By Powerscourt on 04/06/2020
Asian and US stocks have continued to advance amid growing confidence about economic recovery from coronavirus. MSCI’s broadest index of Asia-Pacific shares outside Japan rose 0.43 on Thursday, reaching the highest levels since March 9.
They took their lead from US indices which were up strongly yesterday amid hopes that the weeklong social unrest resulting from the death of George Floyd was starting to calm. On Wednesday three officers were charged with Floyd’s death by the Minnesota attorney general, going some way towards defusing anger.
Global investors are now favouring riskier asset classes and those which have been shunned during the coronavirus crisis, a strong sign they believe the worst, economically, is over. The S&P closed up 1.4% on Wednesday, with the Dow Jones closing up 2%.
US/China relations remains a major economic risk. The former head of British intelligence service M16 told a newspaper on Thursday he believed COVID-19 was probably modified in a Chinese laboratory. Meanwhile, Chinese authorities have banned the typical remembrance gathering in Hong Kong on the anniversary of the Tiananmen Square Massacre, a brutal repression of a student uprising by the government.
But some hedge funds believe investors have become complacent about the prospect of economic recovery, according to the FT, which says many market strategists are preparing for another stock market crash. They believe most equity investors are failing to price in a long economic slump when economic and social support after the crisis starts to erode.
In the UK, anxiety is growing again about the prospect of a no-deal Brexit. The FT reported that health secretary Matt Hancock is struggling to replenish a six-week stockpile of emergency drugs depleted by coronavirus, ahead of a possible no deal exit from the EU.
The UK government continues to come under pressure over the specifics of its coronavirus exit strategy, with reports in the papers questioning the veracity of Prime Minister Boris Johnson’s claim to return all coronavirus test results within a day. Meanwhile MPs, led by former Prime Minister Theresa May, have strongly objected to the government’s planned travel quarantine plan.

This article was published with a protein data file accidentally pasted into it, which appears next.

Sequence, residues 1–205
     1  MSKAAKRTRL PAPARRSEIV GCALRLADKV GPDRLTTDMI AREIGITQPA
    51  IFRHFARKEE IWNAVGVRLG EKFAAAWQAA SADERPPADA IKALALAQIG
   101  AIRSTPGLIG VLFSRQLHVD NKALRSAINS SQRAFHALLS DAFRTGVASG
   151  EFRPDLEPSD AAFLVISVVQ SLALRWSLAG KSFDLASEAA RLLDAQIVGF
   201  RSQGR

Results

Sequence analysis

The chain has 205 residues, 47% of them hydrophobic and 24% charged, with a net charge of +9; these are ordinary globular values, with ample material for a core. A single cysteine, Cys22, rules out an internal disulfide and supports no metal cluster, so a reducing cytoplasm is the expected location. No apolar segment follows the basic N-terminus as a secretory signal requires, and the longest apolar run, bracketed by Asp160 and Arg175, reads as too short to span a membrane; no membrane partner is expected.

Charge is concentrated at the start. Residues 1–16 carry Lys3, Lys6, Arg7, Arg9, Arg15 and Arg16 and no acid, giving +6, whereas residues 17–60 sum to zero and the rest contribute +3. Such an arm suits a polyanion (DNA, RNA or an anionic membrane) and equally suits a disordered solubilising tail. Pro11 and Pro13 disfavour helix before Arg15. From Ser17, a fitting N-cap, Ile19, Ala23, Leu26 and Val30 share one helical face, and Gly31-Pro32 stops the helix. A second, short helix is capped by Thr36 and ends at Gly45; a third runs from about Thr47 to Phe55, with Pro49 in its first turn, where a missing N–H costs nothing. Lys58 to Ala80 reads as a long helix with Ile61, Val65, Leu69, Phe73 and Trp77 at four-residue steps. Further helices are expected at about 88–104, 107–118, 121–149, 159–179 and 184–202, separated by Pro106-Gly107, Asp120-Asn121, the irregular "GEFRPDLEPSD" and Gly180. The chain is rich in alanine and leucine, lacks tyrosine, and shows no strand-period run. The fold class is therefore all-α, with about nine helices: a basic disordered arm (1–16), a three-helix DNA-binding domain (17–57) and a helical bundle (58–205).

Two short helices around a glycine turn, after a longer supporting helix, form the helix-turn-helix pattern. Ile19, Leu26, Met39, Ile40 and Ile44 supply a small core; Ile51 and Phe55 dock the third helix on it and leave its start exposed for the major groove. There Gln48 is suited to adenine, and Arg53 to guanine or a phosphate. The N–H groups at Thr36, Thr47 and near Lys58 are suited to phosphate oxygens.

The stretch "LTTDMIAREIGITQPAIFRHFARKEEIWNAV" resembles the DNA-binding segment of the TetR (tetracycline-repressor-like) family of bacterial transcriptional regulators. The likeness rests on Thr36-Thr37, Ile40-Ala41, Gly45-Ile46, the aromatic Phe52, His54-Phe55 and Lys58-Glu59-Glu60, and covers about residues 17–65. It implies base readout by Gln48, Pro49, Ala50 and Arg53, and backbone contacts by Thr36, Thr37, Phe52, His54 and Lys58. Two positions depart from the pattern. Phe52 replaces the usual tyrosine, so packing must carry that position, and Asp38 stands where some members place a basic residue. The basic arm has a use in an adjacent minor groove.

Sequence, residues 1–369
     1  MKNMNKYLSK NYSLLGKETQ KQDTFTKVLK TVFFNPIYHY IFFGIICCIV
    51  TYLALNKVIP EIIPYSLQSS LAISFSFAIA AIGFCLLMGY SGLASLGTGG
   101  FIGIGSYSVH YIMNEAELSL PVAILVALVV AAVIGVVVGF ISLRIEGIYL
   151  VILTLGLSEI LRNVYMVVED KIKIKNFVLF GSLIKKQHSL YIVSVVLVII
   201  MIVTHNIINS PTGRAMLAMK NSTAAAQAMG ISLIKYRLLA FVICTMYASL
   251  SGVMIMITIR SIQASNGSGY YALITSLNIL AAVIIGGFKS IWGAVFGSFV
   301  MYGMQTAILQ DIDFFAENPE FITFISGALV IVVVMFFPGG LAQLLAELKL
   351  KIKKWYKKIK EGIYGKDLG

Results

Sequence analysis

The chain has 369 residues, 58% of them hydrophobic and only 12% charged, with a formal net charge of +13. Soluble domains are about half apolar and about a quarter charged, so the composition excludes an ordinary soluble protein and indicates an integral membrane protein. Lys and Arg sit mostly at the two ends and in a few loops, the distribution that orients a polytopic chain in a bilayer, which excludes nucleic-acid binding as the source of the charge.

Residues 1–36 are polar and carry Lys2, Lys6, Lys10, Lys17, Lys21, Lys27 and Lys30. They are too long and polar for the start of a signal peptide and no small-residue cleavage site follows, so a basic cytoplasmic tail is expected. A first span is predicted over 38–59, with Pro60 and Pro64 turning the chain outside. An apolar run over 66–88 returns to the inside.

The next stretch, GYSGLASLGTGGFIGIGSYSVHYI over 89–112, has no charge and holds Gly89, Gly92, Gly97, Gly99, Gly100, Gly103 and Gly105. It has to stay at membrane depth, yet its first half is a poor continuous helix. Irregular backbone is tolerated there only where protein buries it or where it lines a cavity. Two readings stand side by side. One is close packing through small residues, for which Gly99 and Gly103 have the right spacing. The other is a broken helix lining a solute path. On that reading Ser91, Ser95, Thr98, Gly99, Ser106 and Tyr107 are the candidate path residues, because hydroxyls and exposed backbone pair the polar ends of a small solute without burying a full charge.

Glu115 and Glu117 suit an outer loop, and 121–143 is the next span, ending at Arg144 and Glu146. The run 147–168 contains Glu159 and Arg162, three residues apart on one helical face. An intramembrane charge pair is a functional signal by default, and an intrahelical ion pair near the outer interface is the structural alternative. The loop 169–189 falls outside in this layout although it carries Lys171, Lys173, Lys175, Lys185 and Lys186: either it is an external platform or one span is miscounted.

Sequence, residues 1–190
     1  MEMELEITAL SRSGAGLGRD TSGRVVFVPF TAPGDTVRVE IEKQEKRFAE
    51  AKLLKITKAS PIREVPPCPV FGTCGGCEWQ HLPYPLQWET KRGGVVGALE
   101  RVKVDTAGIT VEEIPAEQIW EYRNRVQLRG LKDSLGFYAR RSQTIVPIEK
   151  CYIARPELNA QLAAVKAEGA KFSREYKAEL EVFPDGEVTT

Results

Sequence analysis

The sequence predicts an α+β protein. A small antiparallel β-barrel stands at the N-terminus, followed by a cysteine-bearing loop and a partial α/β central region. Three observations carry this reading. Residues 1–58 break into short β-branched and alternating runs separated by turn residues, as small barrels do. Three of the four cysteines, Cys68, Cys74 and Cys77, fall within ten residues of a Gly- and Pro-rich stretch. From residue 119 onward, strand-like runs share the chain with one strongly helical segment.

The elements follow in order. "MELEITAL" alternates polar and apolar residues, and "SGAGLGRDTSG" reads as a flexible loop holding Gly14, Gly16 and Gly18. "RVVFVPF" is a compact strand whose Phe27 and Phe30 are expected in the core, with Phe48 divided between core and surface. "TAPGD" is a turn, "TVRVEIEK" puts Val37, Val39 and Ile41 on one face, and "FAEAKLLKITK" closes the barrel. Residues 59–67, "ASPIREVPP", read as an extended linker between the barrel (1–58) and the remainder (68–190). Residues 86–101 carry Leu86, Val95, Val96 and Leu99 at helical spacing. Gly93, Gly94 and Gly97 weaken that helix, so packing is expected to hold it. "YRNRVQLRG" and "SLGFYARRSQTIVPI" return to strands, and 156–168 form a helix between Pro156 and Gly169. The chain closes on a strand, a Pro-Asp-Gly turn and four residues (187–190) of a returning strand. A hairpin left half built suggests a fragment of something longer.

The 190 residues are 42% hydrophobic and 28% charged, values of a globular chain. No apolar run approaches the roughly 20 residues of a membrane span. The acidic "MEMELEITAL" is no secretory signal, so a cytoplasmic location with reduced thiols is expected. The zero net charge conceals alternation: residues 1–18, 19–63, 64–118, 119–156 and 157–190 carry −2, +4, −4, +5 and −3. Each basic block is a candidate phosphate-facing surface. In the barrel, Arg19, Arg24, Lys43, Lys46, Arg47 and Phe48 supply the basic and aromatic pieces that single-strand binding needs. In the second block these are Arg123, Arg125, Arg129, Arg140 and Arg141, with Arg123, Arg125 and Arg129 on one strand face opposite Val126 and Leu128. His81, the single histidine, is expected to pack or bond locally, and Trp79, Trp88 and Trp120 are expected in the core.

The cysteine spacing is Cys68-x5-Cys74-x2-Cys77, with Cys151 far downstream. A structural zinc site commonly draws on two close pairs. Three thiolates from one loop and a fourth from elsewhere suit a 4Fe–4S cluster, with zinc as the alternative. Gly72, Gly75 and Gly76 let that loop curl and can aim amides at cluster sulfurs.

WHAT ARE COMPANIES SAYING?
Consumer & Retail
The carbonated drinks company said that in its AGM statement that for its business across all regions, it’s On-Trade business has been “severely impacted” by lockdown, however it says that its Off-Trade performance has been strong. In the UK, it reported that sales in the first month of lockdown were up 28% year on year, and in the US that figure was 98%. It added in an outlook statement that it believes it is increasingly likely that social distancing measures will be “remaining in place for some time” and that this will have a “material impact” on FY2020 trading
The UK motor retail and service group said in a scheduled trading update today that having closed all its trading locations on 23 March, it was able to partially reopen 41 sites in April, and then on 11 May was able to reopen all its aftersales facilities. Since then capacity has been built to around half the normal level with a plan to bring back technicians from furlough as demand increases. It reported that at the end of May, 66% of its total current colleague base remained on furlough with that expected to reduce to 55% in June. The group however also said that it has identified 12 dealerships for closure and that it has commenced a redundancy programme which will result in approximately 1,500 redundancies., saving around £50m.
In a Covid-19 update, the restaurant group said that it was issuing an update to the market on how it has used “the closure period to protect and evolve [its] business.” The company said that its focus has been “communicating with our team”, “evolving the business” and “preparing for reopening”. It said it has opened 17 Lounge sites for takeout and will open 10 further sites over the next week. It also said that it was expecting some of its sites to opening July, assuming that is in line with Government guidance as anticipated.